Blunt warning for BHP as COVID-19 bites

THE Miners’ Union has warned BHP to not use COVID-19 as cover to stop anyone coming back to work when the crisis is over or to wind back any workers’ rights and conditions into the future, as the Big Australian confirms a “small” number of confirmed cases of COVID-19 within its 72,000-strong global workforce.
Blunt warning for BHP as COVID-19 bites Blunt warning for BHP as COVID-19 bites Blunt warning for BHP as COVID-19 bites Blunt warning for BHP as COVID-19 bites Blunt warning for BHP as COVID-19 bites

Construction, Forestry, Mining and Energy Union Queensland district president Stephen Smyth

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According to BHP CEO Mike Henry, the individuals who tested positive followed the required protocols of self-isolating and reporting to avoid putting their colleagues at risk and there has been no broader transmission from these cases to other workers or any impact on sites or operations.

Henry said BHP has procedures in place in the event someone became unwell with COVID-19 symptoms which ensured anyone with symptoms was safely isolated and given aid before being evacuated if required, for self-isolation or treatment based on health authority advice.

He said procedures also included tracing and communication protocols with others to reduce the risk of further transmission.

This has raised the ire of unions, with Construction, Forestry, Mining and Energy Union Queensland district president Stephen Smyth voicing concern about the nature and extent of the medical information being sought by BHP about workers in vulnerable groups and how it would be used.

Smyth said no worker should face future discrimination because of health information they provided due to COVID-19.

"Commitments must be made by BHP and all mine operators that only relevant medical information will be sought, that it will be destroyed once this issue is resolved and that all workers can be treated and assessed by their own doctors," he said.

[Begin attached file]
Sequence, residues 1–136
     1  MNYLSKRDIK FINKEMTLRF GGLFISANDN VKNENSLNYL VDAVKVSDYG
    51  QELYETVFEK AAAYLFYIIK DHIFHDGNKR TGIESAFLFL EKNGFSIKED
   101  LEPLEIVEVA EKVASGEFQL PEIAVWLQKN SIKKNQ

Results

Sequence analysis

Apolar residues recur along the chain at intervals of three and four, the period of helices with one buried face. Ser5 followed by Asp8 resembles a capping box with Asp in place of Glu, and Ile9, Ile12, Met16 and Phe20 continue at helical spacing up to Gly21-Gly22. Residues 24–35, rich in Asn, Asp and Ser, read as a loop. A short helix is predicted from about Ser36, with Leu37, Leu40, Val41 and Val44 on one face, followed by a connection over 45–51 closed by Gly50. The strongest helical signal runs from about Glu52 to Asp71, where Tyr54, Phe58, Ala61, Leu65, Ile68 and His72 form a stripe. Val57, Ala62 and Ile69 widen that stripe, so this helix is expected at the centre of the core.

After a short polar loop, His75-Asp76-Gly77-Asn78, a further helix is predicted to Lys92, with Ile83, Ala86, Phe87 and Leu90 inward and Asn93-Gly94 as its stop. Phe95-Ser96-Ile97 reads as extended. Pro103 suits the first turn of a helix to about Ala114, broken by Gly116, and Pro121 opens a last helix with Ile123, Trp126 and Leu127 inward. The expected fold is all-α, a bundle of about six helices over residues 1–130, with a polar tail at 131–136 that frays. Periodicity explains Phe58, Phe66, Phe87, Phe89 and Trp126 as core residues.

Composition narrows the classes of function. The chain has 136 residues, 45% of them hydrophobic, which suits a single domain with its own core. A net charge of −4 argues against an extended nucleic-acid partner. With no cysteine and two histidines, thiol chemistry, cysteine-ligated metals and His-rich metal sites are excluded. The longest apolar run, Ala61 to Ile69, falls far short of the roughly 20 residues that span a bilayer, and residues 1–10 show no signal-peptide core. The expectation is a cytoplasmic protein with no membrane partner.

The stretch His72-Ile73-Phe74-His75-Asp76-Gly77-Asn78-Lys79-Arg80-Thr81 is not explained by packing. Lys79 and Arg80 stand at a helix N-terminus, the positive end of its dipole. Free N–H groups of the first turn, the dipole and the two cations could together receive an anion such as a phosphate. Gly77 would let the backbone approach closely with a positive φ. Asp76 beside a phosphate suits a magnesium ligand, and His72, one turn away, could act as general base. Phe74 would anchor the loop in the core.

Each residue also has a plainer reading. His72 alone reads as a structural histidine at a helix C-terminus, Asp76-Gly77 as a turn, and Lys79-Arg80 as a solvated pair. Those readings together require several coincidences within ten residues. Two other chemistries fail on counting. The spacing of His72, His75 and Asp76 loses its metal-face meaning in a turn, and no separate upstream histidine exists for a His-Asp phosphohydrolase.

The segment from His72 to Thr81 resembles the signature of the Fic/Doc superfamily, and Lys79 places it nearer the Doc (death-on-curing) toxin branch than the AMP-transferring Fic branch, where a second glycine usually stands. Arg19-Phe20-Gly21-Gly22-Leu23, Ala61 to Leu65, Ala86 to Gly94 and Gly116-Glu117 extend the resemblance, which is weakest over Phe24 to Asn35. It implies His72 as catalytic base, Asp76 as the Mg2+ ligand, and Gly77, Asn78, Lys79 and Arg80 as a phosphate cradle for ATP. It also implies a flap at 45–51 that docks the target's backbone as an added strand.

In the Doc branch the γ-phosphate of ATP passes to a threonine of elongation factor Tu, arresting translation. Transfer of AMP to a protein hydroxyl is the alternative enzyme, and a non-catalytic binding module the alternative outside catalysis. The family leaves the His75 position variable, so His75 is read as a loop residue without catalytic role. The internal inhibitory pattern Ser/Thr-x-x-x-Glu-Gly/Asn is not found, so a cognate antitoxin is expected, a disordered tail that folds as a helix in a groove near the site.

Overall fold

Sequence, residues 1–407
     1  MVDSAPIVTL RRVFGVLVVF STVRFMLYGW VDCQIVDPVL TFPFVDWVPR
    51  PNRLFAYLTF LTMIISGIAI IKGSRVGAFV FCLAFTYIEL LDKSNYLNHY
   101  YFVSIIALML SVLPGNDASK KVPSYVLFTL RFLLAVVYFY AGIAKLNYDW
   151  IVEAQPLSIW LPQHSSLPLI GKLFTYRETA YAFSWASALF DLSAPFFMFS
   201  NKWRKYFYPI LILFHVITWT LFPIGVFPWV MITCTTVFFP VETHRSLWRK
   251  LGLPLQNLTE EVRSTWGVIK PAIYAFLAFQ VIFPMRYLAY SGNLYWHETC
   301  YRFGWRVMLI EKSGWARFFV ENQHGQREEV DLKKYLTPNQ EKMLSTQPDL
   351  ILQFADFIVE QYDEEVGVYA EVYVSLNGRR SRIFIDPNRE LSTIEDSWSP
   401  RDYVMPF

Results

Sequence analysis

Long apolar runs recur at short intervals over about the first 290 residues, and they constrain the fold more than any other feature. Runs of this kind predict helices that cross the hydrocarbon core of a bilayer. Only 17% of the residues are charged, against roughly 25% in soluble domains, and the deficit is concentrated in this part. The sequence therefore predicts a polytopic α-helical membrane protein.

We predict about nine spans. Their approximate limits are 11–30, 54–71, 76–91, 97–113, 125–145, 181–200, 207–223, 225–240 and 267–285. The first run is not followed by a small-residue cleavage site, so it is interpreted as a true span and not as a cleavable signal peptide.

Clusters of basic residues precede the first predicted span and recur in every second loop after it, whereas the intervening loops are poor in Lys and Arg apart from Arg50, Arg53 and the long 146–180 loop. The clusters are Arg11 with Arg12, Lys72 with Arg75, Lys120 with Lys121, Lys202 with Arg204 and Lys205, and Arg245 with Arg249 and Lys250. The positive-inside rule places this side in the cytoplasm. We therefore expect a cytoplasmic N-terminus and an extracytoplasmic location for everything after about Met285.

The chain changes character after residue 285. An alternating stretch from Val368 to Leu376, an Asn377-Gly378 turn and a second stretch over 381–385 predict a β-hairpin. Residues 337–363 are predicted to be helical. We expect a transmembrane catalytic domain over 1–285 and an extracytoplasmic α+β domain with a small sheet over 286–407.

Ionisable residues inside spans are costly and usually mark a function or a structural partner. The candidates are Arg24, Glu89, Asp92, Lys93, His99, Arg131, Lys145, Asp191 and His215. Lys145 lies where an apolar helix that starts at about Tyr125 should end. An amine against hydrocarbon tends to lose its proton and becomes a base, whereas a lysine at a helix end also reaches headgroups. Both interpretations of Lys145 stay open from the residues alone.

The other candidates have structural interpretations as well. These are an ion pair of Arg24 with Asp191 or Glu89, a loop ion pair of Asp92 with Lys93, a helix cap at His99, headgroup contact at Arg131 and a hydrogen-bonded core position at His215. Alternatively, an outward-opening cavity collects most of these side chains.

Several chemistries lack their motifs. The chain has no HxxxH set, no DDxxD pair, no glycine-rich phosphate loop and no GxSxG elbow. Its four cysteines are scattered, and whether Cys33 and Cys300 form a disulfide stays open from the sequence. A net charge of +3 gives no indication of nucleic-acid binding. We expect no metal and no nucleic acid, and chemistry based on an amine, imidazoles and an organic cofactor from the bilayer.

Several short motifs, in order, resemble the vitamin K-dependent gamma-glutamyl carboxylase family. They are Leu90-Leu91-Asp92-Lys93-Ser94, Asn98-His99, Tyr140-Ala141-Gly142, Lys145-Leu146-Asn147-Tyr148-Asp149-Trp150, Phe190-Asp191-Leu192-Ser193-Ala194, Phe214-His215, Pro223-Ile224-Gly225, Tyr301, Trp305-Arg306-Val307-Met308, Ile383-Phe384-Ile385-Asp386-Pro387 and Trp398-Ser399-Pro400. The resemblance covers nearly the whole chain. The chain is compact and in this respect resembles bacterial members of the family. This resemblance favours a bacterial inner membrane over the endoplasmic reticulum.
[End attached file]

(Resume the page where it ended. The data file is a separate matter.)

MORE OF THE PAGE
"COVID-19 must not be used as cover to stop anyone coming back to work when this is over, or to wind back any workers' rights and conditions into the future."

Smyth said mineworkers in vulnerable groups should be able to self-quarantine without losing their livelihoods by accessing paid leave.

"Unfortunately, at least half of the workforce on BHP sites will not be able to access that paid discretionary leave for vulnerable workers because BHP has replaced so many permanent jobs with casual labour hire," he claimed.

Smyth said the union was aware of vulnerable labour hire workers being directed to not return to work on BHP sites and being stood down, which was "a terrible outcome for these workers".

He demanded BHP fix it immediately using the $6 million fund set aside to support labour hire workers through this period.

A BHP spokesman told Australia's Mining Monthly there were certain groups within the workforce that were at a higher risk of a serious infection if they contracted the virus and in line with World Health Organisation guidelines the company was taking additional measures to support their ongoing wellbeing, in close consultation with doctors and public health experts.

"In addition to bearing the costs to ensure that our own high risk workers that have been asked not to attend site are financially supported, we have asked our labour hire partners and contractors to work with us to safely and compassionately implement these measures at all BHP mines," the spokesman said.

"We are actively encouraging them to take the steps we are taking to support high risk employees during the COVID19 pandemic."

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